On June 22nd, the Justice Department announced the arrest of two Latvians accused of running a scareware/Rogue AV scheme that caused as much as $74 million dollars in total loses and infected over a million computers. The seizure also included five bank accounts, 22 computers in the USA and 25 computers in six other countries This has become an extremely common form of attack both on Microsoft Windows and more recently Apple OSX systems
If the arrest does nothing but puncture the idea that the scareware/Rogue AV is a risk-free way to easy millions, then it will be a great deal of help.
The detail in the announcement shows how fake scamware can sneakily infiltrate even the most legitimate of websites. The technique is called malvertising. According to the indictment, the accused persons pretended to be an advertising agency wishing to buy space for a hotel chain on a legitimate website . As commonly occurs, the advertisement was provided to the legitimate website owner as a link. This is regularly done so that the advertiser can change ads or offer specials based on the user’s location. The legitimate website tested the ad before running it, but afterwards the script was changed to deliver virus-infected hotel ads.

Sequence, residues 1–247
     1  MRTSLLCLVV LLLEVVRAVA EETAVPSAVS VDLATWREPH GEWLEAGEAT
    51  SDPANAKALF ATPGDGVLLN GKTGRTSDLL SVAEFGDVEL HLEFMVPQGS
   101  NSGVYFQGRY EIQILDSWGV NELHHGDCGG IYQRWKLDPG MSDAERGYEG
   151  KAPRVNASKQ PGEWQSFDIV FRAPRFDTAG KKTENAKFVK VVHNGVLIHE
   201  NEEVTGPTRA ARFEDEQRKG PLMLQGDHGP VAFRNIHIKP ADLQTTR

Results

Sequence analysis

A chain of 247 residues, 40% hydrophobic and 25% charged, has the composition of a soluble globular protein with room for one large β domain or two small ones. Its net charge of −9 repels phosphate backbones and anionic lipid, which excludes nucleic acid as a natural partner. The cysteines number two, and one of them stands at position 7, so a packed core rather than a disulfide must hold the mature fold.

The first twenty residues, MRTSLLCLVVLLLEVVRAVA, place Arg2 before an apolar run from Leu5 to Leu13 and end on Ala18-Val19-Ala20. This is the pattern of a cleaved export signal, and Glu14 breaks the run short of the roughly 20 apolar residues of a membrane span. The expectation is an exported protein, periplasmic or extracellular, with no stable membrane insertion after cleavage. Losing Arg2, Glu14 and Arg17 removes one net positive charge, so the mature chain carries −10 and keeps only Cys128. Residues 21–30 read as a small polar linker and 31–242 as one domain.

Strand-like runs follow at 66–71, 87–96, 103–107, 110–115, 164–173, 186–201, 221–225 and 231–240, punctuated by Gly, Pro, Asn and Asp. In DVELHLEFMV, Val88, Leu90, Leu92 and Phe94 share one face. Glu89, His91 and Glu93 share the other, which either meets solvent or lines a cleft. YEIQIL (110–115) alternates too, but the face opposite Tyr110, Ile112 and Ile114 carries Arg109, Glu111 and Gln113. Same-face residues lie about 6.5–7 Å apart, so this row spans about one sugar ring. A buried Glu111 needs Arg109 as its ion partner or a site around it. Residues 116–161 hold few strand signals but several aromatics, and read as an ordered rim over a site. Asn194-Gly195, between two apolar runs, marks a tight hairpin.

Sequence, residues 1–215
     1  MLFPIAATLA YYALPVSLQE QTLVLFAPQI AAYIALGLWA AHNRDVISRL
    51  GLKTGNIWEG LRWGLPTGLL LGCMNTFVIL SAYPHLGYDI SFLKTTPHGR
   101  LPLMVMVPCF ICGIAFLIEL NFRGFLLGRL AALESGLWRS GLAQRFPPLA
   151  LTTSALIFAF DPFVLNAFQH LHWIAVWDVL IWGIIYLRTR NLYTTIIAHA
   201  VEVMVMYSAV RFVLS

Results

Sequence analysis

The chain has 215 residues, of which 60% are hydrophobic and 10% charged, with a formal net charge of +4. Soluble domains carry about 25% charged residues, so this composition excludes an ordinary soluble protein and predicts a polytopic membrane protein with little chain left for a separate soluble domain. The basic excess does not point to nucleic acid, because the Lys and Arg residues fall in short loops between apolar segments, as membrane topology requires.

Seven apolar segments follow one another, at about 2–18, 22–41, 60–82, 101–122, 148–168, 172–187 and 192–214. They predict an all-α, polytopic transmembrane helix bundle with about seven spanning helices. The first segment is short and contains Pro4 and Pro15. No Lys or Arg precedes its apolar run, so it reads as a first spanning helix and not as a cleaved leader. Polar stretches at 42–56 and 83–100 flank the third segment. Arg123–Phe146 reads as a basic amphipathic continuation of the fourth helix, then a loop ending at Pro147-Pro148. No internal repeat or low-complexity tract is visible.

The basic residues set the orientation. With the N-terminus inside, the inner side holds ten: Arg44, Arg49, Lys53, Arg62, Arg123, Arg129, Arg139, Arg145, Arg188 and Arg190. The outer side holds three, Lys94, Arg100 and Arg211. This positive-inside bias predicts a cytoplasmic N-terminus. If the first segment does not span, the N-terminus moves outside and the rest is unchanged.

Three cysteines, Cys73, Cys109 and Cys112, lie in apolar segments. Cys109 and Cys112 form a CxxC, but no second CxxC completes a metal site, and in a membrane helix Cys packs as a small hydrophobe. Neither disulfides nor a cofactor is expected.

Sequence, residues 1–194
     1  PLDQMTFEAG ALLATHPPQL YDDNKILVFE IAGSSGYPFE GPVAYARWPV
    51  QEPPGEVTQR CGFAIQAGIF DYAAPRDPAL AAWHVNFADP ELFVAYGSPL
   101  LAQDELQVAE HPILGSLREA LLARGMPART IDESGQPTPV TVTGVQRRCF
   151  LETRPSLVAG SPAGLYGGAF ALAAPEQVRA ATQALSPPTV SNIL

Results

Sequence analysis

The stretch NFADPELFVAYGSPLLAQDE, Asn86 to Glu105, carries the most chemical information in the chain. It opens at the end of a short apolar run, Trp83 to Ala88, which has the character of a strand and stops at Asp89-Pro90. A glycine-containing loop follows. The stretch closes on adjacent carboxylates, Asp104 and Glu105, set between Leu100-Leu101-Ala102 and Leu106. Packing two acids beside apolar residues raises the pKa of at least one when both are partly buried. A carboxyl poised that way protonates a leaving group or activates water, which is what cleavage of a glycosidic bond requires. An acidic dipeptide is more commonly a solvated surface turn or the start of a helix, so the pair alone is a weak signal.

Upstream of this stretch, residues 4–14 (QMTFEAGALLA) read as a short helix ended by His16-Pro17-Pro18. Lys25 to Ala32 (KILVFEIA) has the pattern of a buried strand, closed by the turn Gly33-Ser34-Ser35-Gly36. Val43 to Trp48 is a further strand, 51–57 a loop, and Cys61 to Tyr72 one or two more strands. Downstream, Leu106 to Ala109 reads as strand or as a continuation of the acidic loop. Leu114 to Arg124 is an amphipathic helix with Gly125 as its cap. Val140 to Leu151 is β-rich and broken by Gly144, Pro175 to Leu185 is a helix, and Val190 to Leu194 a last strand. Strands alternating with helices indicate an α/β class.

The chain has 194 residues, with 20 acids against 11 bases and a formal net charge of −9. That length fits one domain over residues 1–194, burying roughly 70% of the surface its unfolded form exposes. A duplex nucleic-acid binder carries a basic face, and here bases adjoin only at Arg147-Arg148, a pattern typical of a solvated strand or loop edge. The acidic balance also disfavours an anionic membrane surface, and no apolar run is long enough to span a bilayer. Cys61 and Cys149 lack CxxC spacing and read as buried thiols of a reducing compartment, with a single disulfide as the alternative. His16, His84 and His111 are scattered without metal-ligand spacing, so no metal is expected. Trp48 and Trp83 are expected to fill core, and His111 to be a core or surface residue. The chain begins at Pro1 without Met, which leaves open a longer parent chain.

The Justice Department concluded the announcement with the following advice. I bolded what I regard as the most important points.
Additional tips on how to spot a scareware scam include:
Scareware advertising is difficult to dismiss. Scareware purveyors employ aggressive techniques and badger users with pop-up messages into purchasing their products. These fake alerts are often difficult to close and quickly reappear;
Fake anti-virus products are designed to appear legitimate, and can use names such as Virus Shield, Antivirus or VirusRemover. Only install software from trusted sources that you seek out. Internet service providers often make name-brand anti-virus products available to their customers for free;
Become familiar with the brand, look and functionality of the legitimate anti-virus software that is installed on your computer. This will assist you in identifying scareware.
I am particularly glad to see the final point, as it is something that I have in the past described as the final step in securing your computer.